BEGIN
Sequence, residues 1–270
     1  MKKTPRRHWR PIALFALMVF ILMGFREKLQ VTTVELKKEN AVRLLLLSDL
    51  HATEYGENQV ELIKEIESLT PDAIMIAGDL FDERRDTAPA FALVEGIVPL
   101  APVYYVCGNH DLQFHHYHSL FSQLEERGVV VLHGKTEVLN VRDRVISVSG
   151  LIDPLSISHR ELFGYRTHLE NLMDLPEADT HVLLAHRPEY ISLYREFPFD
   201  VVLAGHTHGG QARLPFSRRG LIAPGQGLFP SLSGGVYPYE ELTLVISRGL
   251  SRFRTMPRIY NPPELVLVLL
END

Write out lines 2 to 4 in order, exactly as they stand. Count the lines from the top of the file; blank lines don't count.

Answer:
     1  MKKTPRRHWR PIALFALMVF ILMGFREKLQ VTTVELKKEN AVRLLLLSDL
    51  HATEYGENQV ELIKEIESLT PDAIMIAGDL FDERRDTAPA FALVEGIVPL
   101  APVYYVCGNH DLQFHHYHSL FSQLEERGVV VLHGKTEVLN VRDRVISVSG